The power of outrageous grace
Charles Wesley was not only a prolific hymm writer, he was also an extraordinarily insightful Christian.
Take the verse that goes ‘He breaks the power of canceled sin’ in his famous hymm ‘O for a thousand tongues to sing’ for example. Why ‘canceled sin’? When sin is canceled by Jesus’ finished work at the Cross, isn’t it supposed to be powerless? No, it still wields power when Christians fail to realize just how forgiven they are. Charles grasped that connection between that failure and sin’s hydra-like nature.
If Christians do not fully realize just how much God loves them and how completely forgiven they are (and they are not forgiven only until their next sin) sub-conscious condemnation still lives to rears its ugly head to tether believers to depression, aberrant patterns of thought, destructive behaviour and substance addictions.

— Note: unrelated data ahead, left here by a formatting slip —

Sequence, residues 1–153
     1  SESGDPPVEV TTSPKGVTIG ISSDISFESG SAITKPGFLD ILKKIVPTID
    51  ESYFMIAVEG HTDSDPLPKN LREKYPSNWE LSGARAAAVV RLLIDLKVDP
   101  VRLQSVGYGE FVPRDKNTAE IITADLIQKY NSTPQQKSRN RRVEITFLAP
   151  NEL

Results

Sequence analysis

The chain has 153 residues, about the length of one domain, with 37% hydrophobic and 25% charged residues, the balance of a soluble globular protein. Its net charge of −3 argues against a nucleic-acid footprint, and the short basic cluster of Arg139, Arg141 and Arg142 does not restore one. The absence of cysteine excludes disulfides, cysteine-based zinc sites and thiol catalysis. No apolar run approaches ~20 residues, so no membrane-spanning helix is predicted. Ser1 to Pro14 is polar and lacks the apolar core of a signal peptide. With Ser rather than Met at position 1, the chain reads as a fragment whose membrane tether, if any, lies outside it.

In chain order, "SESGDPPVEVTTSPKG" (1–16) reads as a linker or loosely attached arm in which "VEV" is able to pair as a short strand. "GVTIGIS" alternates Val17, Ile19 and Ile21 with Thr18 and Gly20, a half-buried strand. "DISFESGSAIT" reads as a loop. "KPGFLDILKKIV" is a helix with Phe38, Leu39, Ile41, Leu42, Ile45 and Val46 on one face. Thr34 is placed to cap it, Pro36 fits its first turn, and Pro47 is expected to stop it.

Legalism teaches God will love you only if you are ‘good enough’. Post-modern theology fights shy of the gospel and the message of the cross. Both cannot remove condemnation. Both rob us of the truth of the real extent of God’s love. Bondage finds fertile soil in wrong beliefs.
And how much does God loves us? Let 1 John 4:10 tell you: “This is love: not that we loved God, but that He loved us and sent his Son as an atoning sacrifice for our sins.” And condemnation? The Bible confirms “.. God did not send his Son into the world to condemn the world, but to save the world through Him.” (John 3:17)
Above and beyond that, God even gave us a new identity – ‘His righteousness’ – because of what Jesus has freely done for us at the cross (2 Corinthians 5:21). God knows that it is this outrageous affirmation of His love that breaks the stranglehold of phantom sin.
Charles fully understood the power and grace of Christ when he continued in the same stanza :
He sets the prisoner free;
His blood can make the foulest clean;
His blood availed for me.
Kimmy Fam, UCA, Ballarat